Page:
Producer Garth Drabinsky, a Fugitive From the U.S., Now in Hot Water in Canada


July 6, 2001

] Theatrical impresario Garth Drabinsky, the Livent founder who produced splashy Broadway revivals of Candide and Show Boat, plus new works such as Kiss of the Spider Woman and Ragtime, is being accused by the Ontario Securities Commission of improper reporting of revenues and filing improper financial statements.



] Theatrical impresario Garth Drabinsky, the Livent founder who produced splashy Broadway revivals of Candide and Show Boat, plus new works such as Kiss of the Spider Woman and Ragtime, is being accused by the Ontario Securities Commission of improper reporting of revenues and filing improper financial statements.

Also targeted in the probe of the now-dissolved Livent's financial accounts are former Livent president Myron Gottlieb, former senior vice president of finance Gordon Eckstein, and former senior executive vice president Robert Topol. The men have denied wrongdoing.

According to the July 3 OSC statement of allegations, "The misconduct giving rise to these allegations falls into three general categories: conduct concerning the improper recording of financial information in the books and records of Livent; conduct concerning the improper recognition of revenue; and conduct concerning the payment of false invoices."

For the complete statement of allegations by the OSC staff visit www.osc.gov.on.ca.

In 1999, the Drabinsky and Gottlieb were charged by U.S. attorneys with fraud and securities violations (15 counts of fraud and one count of conspiracy). When they did not appear at a hearing in Manhattan, a warrant was issued for their arrest. They have remained fugitives in their native Canada, and have denied any wrongdoing.

In Canada, the executives could potentially lose their right to trade stock or act as directors or officers of publicly held companies. An investigation by the RCMP is also ongoing. The future is bleaker in the U.S.: Drabinksy and Gottlieb face a 10 year prison term if extradited and found guilty.

Sources of The Globe and Mail, the Canadian newspaper, said U.S. authorities have delayed seeking to extradite the two men to avoid interfering with investigations by the OSC and RCMP.

Livent was founded by Drabinsky and Gottlieb and would become the world's only publicly-traded company devoted exclusively to the production and presentation of musicals and plays. Livent operated theatres in Chicago, New York, Vancouver and Toronto. Livent built Broadway's Ford Center for the Performing Arts as a temple for its Ragtime and future productions. SFX would end up buying much of Livent's properties, both artistic and tangible.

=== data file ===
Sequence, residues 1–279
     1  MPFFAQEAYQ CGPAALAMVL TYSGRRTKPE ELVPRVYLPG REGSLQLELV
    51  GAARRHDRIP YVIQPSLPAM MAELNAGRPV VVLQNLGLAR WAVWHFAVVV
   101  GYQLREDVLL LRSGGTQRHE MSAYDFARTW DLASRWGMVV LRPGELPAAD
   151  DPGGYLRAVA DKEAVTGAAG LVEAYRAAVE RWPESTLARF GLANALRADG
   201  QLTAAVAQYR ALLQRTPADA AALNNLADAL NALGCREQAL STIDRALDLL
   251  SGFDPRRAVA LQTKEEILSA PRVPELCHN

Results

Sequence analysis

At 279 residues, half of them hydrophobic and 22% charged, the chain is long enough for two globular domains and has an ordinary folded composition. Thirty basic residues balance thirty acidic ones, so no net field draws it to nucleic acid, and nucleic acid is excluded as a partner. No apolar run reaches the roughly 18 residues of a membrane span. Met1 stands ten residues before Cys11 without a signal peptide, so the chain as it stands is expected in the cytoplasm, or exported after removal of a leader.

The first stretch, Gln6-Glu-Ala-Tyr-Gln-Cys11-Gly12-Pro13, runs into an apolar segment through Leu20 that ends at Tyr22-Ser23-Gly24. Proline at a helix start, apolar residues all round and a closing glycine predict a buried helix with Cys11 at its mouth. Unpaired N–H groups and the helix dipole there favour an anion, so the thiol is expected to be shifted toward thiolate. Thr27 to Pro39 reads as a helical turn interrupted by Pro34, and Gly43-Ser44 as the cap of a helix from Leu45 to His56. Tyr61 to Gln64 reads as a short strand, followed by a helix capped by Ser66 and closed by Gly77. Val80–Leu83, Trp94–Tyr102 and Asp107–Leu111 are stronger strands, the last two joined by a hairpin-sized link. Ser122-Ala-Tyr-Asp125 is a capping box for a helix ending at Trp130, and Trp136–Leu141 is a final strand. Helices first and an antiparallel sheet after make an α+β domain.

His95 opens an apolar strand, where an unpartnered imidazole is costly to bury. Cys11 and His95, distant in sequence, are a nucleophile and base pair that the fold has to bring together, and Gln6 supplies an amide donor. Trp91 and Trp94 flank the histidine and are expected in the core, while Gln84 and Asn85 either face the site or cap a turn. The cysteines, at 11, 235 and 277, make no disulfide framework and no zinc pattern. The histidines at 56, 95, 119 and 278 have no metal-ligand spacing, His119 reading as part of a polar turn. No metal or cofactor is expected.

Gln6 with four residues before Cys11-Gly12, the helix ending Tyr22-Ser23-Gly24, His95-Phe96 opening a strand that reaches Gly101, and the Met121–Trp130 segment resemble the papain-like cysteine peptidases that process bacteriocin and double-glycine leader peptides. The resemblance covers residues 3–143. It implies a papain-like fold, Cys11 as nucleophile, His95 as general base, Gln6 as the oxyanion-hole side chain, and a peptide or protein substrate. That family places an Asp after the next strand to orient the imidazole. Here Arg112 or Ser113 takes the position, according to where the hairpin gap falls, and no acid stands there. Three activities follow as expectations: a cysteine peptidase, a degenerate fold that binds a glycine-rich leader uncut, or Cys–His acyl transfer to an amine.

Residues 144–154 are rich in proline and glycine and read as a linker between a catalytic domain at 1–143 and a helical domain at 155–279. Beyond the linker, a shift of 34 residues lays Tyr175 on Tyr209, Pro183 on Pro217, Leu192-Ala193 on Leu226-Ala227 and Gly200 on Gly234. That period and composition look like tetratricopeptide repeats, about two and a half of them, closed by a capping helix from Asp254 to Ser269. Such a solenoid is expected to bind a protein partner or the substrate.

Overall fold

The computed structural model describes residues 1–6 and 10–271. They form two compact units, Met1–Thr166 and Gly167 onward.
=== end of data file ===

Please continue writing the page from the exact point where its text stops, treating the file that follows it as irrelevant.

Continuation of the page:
In its short history during the 1990s, Toronto-based Livent produced The Phantom of the Opera at Toronto's Pantages Theatre. That theatrical landmark that helped solidify the city's reputation as a major theatre town and tourist destination.

Other Livent shows, or shows Livent initiated before crumbling in 1998 99, include a new staging and tour of Aspects of Love; Diahann Carroll in Sunset Boulevard (Toronto and Vancouver), a North American tour of Joseph and the Amazing Technicolor Dreamcoat; the musical, Ragtime, and its tours; Barrymore starring Christopher Plummer; the musical, Parade; a Broadway revival of Candide; the musical, Kiss of the Spider Woman;

the musical revue, Fosse; the musical, Seussical; the musical, Sweet Smell of Success (now in the hands of other producers and planned for Broadway spring 2002); and a revival of Pal Joey (not produced).

The Globe and Mail reported that Drabinsky's lawyer, Edward Greenspan, said the OSC's action "is unnecessary and serves no public interest at this time" and that Drabinsky "steadfastly and vigorously denied the allegations against him."

For all the accusations of misconduct, Drabinsky is considered by former colleagues as a man with artistic vision and the guts and talent to woo major players. The list of theatre people associated with Drabinsky in artistic endeavors over the years reads like a Who's Who of international theatre: Andrew Lloyd Webber, Terrence McNally, Harold Prince, Robin Phillips, Gwen Verdon, Frank Galalti, Lynn Ahrens and Stephen Flaherty, Alfred Uhry, John Kander and Fred Ebb, Eugene Lee, Richard Maltby Jr., Ann Reinking and more.

Ragtime, viewed by some critics as overproduced, had so many bells and whistles attached to its large-cast production that observers suggest, given the economy, it's the last huge physical production Broadway will ever see.

The first appearance by the accused is expected Sept. 11. The purpose of this first appearance is to set a date for the hearing.

By Kenneth Jones